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Types of Solar Gain
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In indirect solar gain, heat enters the building through an aperture and is captured and stored in a thermal mass. The mass then slowly and indi-
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FIGURE 5-13 Passive solar home addition
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rectly heats the building through conduction and convection. Isolated solar gain is a separate space, such as a sunroom, in which the solar energy is captured and then passively moved as heat through the living space by natural convection. A third type of solar gain, concentrated solar power (CSP), was reviewed in 3. While most applications are large commercial structures, consumers can use CSP water heaters in their homes. CSP is best in warm climates where sunlight is a constant and rainfall is low.
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Simple Improvements for Solar Gain
Every homeowner and renter can make simple home improvements to increase the passive solar energy available and used in the home. Keep-
Zero-Cost Passive Solar
Sun Light transmitted
Light reflected: albedo
Earth
Light absorbed
FIGURE 5-14 The albedo effect
http://www.energyeducation.tx.gov/environment/section_3/topics/predicting _change/img/albedo.gif
ing in mind the five elements required for passive solar, consider the following. The thermal mass in most homes is already in place and will not change. This solar storage will be a floor or wall. The larger and more dense the mass, the more heat storage is available. You can also change the color to absorb more heat energy. For most homes, the aperture is in the form of windows or skylights, and the control will be some type of shade.
Heat and Light Transfer Through Windows The solar heat gain coefficient (SHGC), shown in Figure 5-15, refers to the percentage of solar radiation that passes through a window and is expressed in a value of 0 or 1. The higher the SHGC, the more solar gain in the home. The visible light transmission (VT), shown in Figure 5-16, refers to the amount of light transmitted through a window and is also measured by values between 0 and 1. A window with a VT of 1 will allow no loss of
Five
House
FIGURE 5-15 Solar heat gain coefficient
http://www.energycodes.gov/training/res_wbt/images/shgc_house.jpg
W i Sun Visible light Invisible solar heat n d o w
FIGURE 5-16 Visible light transmission
http://eetd.lbl.gov/lab2mkt/images/spectral-glazing-t.gif
transmission. The use of a second pane of glass or a coating will lower the VT value. Low-E coatings, which stands for low emissivity, refers to the relative ability of a surface to emit energy by radiation. A Low-E coating for windows refers to a thin metallic or metallic oxide layer deposited on one of the glass surfaces (Figure 5-17). Heat gained or lost through a window is due to radiation from either outside-in or inside-out. The coating reflects a portion of the radiation, reducing heat flow through the window. The coating is normally invisible to the homeowner. Low-E is also rated on a scale of 0 to 1. A black object would have an emissivity of 1, absorbing all light, and a perfect reflector would have a value of 0.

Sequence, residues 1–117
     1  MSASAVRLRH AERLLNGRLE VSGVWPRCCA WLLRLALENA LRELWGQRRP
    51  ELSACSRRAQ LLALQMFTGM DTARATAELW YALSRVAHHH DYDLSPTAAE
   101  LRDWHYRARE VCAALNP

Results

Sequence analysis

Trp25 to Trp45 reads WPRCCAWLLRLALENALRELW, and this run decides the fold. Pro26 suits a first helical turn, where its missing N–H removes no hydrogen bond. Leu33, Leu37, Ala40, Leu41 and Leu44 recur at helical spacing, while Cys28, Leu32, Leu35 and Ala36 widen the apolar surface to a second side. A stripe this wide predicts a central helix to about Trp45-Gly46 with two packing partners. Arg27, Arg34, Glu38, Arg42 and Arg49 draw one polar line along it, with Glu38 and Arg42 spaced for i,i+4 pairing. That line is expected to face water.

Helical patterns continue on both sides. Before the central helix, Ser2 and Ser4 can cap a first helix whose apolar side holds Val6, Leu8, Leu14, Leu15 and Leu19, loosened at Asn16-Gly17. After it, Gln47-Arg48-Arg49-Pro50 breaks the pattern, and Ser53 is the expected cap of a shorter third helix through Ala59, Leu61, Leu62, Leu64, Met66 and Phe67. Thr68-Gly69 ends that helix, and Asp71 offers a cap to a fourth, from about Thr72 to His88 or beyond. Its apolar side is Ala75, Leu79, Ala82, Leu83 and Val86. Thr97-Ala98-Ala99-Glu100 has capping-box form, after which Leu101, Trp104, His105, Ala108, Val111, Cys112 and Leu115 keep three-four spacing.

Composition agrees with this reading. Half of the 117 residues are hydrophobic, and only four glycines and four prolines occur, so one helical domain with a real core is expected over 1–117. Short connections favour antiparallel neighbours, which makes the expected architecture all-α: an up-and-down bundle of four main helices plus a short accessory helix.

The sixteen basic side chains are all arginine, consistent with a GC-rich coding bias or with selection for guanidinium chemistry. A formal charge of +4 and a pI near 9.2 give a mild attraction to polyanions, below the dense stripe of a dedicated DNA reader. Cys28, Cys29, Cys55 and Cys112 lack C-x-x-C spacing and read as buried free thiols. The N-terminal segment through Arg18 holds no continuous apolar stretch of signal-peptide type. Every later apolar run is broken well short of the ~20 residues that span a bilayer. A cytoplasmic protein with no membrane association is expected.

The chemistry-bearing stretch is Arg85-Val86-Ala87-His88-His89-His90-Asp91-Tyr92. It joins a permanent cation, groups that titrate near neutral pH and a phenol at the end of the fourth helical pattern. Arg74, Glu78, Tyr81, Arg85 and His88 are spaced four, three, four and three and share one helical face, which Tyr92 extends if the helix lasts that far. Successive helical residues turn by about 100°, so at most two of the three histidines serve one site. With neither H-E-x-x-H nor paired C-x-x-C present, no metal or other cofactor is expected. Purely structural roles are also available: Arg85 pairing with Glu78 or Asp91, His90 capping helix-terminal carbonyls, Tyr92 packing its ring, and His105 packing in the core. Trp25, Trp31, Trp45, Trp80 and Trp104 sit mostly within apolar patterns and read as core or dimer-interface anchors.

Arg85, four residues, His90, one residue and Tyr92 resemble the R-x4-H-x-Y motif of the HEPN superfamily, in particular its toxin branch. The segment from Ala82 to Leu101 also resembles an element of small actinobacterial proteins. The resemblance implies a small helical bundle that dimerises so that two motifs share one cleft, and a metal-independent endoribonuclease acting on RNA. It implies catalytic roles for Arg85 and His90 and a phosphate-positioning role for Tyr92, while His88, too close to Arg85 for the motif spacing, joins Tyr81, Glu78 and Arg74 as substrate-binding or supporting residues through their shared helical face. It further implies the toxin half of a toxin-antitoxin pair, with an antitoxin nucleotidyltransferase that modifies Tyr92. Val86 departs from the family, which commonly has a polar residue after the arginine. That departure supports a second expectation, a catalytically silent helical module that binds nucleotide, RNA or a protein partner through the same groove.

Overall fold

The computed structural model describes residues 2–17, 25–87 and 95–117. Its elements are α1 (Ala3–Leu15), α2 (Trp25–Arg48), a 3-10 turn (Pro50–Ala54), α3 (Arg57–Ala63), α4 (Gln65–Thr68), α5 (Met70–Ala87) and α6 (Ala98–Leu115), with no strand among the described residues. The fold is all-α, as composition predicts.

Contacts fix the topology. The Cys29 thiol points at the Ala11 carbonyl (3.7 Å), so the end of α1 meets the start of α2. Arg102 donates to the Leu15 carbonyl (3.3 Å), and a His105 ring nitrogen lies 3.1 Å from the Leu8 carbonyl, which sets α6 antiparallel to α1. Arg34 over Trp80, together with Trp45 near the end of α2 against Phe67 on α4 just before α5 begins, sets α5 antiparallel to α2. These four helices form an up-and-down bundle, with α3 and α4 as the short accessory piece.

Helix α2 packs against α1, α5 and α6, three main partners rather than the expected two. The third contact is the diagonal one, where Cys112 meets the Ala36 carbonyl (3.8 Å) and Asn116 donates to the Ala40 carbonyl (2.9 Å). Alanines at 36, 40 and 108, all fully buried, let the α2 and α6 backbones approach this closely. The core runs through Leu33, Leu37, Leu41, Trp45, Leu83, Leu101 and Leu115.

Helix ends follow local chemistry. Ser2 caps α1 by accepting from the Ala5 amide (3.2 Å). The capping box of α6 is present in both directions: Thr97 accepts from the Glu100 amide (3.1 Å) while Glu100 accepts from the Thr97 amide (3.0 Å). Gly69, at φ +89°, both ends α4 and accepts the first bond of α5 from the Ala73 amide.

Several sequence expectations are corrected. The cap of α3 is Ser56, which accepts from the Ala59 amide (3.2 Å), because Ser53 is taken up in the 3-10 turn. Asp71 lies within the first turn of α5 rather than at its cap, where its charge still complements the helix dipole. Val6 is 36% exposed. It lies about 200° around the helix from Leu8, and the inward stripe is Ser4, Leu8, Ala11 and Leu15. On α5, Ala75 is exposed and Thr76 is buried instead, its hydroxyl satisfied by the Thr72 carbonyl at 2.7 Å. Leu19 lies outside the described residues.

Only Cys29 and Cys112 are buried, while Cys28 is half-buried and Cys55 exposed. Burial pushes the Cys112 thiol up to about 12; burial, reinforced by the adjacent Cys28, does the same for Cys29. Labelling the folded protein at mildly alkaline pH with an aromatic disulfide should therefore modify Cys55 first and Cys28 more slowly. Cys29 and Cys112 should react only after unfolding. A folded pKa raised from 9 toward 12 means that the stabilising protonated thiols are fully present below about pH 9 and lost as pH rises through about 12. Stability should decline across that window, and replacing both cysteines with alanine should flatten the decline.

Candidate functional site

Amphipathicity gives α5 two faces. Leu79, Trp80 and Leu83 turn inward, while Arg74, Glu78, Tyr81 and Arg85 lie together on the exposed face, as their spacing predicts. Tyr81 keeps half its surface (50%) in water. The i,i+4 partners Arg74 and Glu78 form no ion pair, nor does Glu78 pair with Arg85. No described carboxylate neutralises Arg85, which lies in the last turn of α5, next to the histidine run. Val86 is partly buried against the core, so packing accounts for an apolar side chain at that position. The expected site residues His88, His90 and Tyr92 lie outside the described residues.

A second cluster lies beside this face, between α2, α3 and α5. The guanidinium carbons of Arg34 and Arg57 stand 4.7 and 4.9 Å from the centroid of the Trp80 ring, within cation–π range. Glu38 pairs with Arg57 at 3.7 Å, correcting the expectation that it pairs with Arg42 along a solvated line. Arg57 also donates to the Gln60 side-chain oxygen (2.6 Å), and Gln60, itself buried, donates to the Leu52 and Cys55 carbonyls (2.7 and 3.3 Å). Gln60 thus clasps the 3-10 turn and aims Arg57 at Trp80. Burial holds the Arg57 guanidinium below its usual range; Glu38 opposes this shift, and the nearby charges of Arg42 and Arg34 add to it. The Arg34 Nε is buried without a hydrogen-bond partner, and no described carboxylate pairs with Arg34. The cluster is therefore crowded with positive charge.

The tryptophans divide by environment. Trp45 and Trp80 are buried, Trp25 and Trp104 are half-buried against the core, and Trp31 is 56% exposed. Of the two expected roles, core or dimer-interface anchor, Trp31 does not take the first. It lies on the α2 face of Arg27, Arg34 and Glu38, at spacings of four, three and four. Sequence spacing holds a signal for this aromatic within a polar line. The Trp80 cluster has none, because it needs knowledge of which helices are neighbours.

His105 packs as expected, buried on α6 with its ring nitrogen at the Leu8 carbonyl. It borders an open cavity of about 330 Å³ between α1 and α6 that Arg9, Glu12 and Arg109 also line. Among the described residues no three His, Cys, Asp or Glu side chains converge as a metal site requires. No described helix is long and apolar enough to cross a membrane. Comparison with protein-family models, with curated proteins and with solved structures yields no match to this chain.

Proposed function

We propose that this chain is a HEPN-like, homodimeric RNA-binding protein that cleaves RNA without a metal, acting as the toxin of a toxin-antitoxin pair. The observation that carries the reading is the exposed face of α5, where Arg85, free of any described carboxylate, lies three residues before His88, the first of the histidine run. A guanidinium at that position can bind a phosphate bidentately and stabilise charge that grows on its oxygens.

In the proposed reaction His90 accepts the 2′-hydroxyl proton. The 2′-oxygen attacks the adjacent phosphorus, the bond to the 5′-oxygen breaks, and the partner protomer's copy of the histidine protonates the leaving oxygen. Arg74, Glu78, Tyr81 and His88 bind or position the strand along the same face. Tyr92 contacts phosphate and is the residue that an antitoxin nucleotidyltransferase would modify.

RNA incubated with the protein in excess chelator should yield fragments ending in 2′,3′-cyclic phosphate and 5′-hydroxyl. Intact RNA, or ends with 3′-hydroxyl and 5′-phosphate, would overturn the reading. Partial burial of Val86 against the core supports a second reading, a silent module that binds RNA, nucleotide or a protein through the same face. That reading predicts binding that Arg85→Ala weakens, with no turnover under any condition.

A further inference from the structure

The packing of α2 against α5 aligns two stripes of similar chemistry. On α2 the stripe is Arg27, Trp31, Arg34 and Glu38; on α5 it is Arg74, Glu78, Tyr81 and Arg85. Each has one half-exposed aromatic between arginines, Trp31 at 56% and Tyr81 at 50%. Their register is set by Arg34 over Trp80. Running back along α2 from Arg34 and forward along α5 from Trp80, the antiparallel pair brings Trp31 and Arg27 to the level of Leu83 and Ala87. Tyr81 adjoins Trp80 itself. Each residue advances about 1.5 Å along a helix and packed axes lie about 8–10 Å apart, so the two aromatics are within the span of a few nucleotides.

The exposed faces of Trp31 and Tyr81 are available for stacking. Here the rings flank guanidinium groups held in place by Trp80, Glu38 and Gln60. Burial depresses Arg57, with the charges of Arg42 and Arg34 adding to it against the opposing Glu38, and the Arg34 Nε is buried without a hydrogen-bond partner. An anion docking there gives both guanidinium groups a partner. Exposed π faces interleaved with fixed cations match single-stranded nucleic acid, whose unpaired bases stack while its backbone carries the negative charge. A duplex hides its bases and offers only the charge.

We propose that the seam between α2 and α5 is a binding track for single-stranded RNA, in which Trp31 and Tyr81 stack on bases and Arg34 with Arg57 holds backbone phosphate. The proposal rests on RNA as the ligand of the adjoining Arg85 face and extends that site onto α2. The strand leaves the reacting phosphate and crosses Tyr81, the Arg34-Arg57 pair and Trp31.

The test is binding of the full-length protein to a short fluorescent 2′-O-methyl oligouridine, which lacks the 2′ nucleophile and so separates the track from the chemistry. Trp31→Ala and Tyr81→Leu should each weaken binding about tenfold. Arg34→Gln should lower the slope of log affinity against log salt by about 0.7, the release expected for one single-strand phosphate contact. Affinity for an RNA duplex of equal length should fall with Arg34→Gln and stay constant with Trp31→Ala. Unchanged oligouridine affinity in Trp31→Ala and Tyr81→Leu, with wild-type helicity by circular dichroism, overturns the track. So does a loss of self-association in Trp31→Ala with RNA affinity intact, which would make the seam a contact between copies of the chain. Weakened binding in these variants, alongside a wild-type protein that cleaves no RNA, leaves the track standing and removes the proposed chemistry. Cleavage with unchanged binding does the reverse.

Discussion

Zero-Cost Passive Solar
Outside Inside Transparent low-emissivity coating
Glass panes
Air or gas-filled space
Heat flow: radiation
Heat flow: conduction
Heat flow: convection
no. 1 no. 2
no. 3 no. 4
FIGURE 5-17 Low-E window coatings
http://pag.lbl.gov/images/Low-E%20window.jpg
A single-pane window is a single sheet of glass with no coatings (Figure 5-18). Single-pane windows are energy inefficient, but in the last 30 years, dual-pane and triple-pane windows have become popular due to their increased efficiency at restricting the transfer of heat. The U-value gauges how well a window conducts heat and is more correctly called the overall heat transfer coefficient. It measures the rate of heat transfer through a window (Figure 5-19). A window s U-value is rated under standardized conditions. The usual standard is at a temperature gradient of 75 F, at 50-percent humidity, with no wind. The lower the U-value, the less heat transfer occurs, and the more energy-efficient the window is considered to be. Here are examples of typical window performance: A single-pane window has an average U-value of 1.1 or greater. A dual-pane window has an average U-value of 0.55 or lower. A triple-pane window has an average U-value as low as 0.20. In addition to the glass, the window frame, which is included in the U-value, must be designed for performance (Figure 5-20).
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